The MTG programme – worth more than 4 billion euros – encompasses six geostationary satellites (four imagers, and two on atmospheric sounding missions) which, like their predecessors, will scan Europe and Africa from 37,000 kilometres above the Earth’s surface. The launch of the first satellite is scheduled for 2021.
Boosting resolution, reducing refresh rate
The many advances offered by these gems of technology include a hyperspectral infrared sounder, which delivers a genuine minor revolution in the field of high-resolution observation.
“The resolution provided by current satellites, which stands at 3 kilometres per pixel, will be boosted to 1 kilometre! Plus the image refresh rate will be cut to ten minutes, from 15 minutes today,” explains Antoine Rerolle, MTG-Imager programme manager at Thales Alenia Space.
MTG satellites will feature another first-of-a-kind technology in their payload: a lightning imager which will provide “nowcasting” and short-term forecasting as well as early warning capabilities. The data from the imager will obviously be shared with the 30 Meteosat member states.
The images captured from the earth’s atmosphere will be processed at impressive speed. “The lightning imager will be capable of processing data at 48 gigabytes per second. The extremely powerful onboard processing system will only transmit key data back to earth,” adds Antoine Rerolle. This data will provide precious insights into potentially dangerous, rapidly evolving weather phenomena, such as storms.
The construction of the Meteosat satellites is just one element of Thales Alenia Space’s contribution to climate study and observation. Its Jason and Sentinel satellite series, for example, continue to provide vital ocean observation data, and the firm’s undisputed world leadership in space altimetry has led to its instruments being chosen by all the world’s major space agencies.
Space meteorology now plays a huge role in the global economy. A study conducted a few years ago showed that, for every euro invested in space meteorology systems, there is an economic benefit of more than €10 across all sectors. Which goes to show that the key to securing the planet’s future is to…reach for the stars.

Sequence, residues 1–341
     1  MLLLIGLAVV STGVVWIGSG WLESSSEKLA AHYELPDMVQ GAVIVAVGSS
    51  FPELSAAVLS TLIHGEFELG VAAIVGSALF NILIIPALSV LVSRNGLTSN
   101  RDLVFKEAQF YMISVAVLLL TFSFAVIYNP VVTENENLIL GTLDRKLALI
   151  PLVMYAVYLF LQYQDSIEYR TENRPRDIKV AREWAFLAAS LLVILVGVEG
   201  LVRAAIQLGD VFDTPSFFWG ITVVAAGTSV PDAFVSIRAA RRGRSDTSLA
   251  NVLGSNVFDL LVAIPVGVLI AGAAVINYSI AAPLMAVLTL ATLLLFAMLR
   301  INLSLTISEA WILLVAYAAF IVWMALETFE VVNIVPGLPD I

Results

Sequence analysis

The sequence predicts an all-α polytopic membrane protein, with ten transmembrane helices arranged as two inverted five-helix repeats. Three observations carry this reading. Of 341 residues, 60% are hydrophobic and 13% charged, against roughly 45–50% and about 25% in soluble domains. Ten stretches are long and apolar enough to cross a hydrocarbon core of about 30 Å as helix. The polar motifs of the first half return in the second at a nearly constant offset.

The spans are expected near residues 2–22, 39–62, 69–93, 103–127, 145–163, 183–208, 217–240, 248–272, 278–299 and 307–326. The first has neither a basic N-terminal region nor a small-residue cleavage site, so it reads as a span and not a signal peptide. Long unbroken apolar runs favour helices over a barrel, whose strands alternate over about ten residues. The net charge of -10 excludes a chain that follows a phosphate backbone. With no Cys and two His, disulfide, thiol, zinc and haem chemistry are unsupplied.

Learn more about Earth observation from space
Thales is also making a crucial contribution to NASA’s ECOSTRESS project, which monitors water availability on earth, and the impact it has on the biosphere and the global carbon cycle. The infrared detector used in the monitoring is mounted on the International Space Station; Thales Cryogenics delivered cryogenic coolers to keep the equipment at minus 208 degrees Celsius, thus allowing it to record this vital data!
Precision surveillance by increasingly-powerful oceanography and weather observation satellites is delivering some priceless insights. Read on, for more about Thales Alenia Space’s specialised satellites and what we’re finding out.
Today, we can see all the layers in the atmosphere. We can analyse them for temperature, pressure, and gas concentrations. We can detect changes that are the origin of storms, and we can provide advance warning of the kind extreme weather that climate change appears to ...